It's been a decade since Amazon (AMZN  ) released Amazon Web Services (AWS). AWS revolutionized Silicon Valley forever. With it, private companies could remotely buy servers as they needed them instead of building personal servers to host users. This detachment from hardware to run systems made organizations well suited for rapid expansion and helps reduce operational costs and liabilities. Some of the major companies that have used or are currently using AWS include Netflix (NFLX  ), 9GAG, Pinterest, and Adobe (ADBE  ).

Now, Amazon is attempting to sells its cloud computing infrastructure to American banks. The Wall Street Journal reports that AWS has pitched its services to J.P. Morgan, Citigroup, and Goldman Sachs. The banking sector represents an enormous growth opportunity for AWS just as social media did when AWS first was founded.

But, it's not new for Amazon to go after large, high-security businesses.

In 2014, Amazon Web Services built a cloud for the CIA. The $600 million cloud helped unify the 17 agencies within the CIA. Agencies could seamlessly share information with one another, preventing large gaps in knowledge from forming. The CIA also believed that AWS helped heighten their already potent security levels.

Amazon's encounter with JP Morgan may not be its first with the financial market. Capital One (COF  ) uses AWS to deter cyber criminals and to reduce operational costs. Representatives for the company have said that switching to AWS has also allowed them to set up servers in much less time. At the end of the day, Capital One is not an iconic trading bank like JP Morgan.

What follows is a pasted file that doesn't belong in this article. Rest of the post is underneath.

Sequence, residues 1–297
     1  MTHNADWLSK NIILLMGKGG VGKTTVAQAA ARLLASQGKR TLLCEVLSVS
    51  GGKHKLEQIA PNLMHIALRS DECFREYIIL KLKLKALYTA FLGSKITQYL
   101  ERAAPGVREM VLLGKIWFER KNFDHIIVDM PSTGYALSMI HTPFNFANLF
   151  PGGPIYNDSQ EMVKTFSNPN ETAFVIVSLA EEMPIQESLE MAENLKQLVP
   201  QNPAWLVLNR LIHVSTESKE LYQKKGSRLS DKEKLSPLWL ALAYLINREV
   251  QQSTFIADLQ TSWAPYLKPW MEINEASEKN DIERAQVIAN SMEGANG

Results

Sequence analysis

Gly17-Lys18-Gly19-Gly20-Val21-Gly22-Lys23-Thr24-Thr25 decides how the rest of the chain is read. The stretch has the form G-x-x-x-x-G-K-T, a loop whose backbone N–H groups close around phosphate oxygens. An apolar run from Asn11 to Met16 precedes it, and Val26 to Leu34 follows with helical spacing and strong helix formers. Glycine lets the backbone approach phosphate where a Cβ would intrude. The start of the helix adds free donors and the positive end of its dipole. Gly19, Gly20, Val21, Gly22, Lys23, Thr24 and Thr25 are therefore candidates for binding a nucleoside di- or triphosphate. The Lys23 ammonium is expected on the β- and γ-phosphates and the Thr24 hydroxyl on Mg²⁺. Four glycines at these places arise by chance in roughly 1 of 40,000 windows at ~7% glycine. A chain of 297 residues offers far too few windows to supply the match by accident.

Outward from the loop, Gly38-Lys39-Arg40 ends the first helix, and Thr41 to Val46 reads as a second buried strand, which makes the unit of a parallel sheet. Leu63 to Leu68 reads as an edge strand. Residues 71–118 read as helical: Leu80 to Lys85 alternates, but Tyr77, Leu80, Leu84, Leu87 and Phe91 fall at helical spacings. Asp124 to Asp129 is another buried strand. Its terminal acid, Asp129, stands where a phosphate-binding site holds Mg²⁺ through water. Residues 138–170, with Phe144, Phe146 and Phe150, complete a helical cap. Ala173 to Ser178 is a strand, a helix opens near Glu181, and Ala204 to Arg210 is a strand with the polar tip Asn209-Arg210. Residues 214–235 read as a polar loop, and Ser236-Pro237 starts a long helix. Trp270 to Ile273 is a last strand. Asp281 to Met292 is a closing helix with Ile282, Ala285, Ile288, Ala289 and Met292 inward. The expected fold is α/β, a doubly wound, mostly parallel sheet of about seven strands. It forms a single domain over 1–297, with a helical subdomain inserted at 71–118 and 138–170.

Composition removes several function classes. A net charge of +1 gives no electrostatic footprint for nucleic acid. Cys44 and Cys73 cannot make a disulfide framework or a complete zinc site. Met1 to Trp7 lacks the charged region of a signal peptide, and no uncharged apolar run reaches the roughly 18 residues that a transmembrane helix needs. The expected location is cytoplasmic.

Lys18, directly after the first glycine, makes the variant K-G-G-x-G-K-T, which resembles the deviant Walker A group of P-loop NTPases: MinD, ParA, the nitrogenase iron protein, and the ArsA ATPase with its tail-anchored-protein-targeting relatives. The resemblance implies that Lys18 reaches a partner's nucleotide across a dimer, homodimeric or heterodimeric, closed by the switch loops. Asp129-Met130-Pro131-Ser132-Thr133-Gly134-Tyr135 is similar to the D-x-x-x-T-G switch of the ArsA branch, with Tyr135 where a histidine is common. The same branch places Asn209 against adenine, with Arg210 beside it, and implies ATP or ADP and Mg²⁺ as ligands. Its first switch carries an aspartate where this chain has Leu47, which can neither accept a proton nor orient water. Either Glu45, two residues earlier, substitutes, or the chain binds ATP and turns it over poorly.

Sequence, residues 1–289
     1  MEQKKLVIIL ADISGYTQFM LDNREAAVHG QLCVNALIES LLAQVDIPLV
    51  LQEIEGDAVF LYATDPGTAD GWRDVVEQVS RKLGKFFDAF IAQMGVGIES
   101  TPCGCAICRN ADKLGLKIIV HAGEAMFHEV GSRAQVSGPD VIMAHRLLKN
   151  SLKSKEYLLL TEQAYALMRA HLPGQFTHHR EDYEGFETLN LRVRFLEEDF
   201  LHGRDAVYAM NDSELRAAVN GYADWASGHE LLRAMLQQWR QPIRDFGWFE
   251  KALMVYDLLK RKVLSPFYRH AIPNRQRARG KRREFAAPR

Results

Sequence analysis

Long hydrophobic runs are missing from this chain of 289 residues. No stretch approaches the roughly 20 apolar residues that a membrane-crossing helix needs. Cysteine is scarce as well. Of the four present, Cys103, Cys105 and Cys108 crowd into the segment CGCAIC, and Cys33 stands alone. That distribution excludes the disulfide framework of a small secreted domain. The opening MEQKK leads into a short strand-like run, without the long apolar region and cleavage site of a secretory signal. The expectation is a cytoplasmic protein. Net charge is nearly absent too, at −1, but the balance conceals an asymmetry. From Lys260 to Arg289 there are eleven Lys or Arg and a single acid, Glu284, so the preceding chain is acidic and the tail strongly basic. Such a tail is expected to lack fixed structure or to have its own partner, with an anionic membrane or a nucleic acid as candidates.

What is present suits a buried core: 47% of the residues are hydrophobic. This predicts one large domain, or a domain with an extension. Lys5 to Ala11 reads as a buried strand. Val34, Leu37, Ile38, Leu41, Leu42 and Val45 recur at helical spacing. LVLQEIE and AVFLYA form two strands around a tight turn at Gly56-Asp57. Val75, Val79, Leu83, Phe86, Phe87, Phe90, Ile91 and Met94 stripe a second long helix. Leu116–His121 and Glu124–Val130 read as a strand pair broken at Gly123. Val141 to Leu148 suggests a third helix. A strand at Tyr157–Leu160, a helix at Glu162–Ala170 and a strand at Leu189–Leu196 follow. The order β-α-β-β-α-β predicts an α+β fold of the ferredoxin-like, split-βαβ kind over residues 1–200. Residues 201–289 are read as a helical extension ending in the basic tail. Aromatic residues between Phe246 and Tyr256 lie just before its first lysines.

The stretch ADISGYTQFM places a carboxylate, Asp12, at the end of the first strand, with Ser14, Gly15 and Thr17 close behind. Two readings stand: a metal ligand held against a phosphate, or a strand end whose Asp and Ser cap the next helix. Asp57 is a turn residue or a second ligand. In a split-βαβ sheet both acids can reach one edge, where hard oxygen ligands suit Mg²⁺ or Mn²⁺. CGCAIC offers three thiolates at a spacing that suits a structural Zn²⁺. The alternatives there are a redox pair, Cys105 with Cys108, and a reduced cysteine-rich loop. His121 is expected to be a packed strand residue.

It makes sense for AWS to target banks. Banks are center of private investment in the United States Market. Their day to day operations require hosting secure servers that can be accessed by employers and consumers alike.

In the past, banks have been notorious for spearheading new technological initiatives. During the high frequency trading era, banks constantly updated their equipment to cut milliseconds off of their trade executions times. Since then, they have been very secretive about the technologies they possessed.

A former employee of the CIA and Goldman Sachs said that he had to pass only two security checks to reach his desk in the CIA, but five to reach his desk at Goldman Sachs. For this reason, big banks may be an even bigger security hurdle for AWS to overcome if it wishes to truly penetrate that banking market.

These shifts in AWS clientele are important because AWS has not won the cloud monopoly yet. Its most significant competitors, like Microsoft Azure and Google Cloud, still own a remarkable percentage of the market share.

Google Cloud has boasted lower prices, especially for bigger consumers. Google has recently won the contract for Spotify. Spotify claimed that while Amazon offered a greater degree of customizable services, Google was more cost efficient.

Perhaps if AWS can successfully insert itself into the banking niche, it can negate the price disparity it has with Google.

Even though there is fierce competition between the cloud rivals, the cloud market is currently expanding. Only about 2 to 5% of computing for large companies passes through cloud computing companies like AWS. If AWS continues increase its sales to larger companies in new markets, it may very well dictate the future of Amazon and the future of any organization that conducts business online.


Amazon. "All AWS Case Studies." Amazon Web Services, Inc. N.p., n.d. Web. 01 Apr. 2016.

Darrow, Barb. "Pssst, Amazon Cloud Is Not Really New to Banks." Fortune. N.p., 25 Feb. 2016. Web. 01 Apr. 2016.

Dow Jones Newswires. "Amazon Web Services Takes Aim at Big Banks." Fox Business. N.p., n.d. Web. 01 Apr. 2016.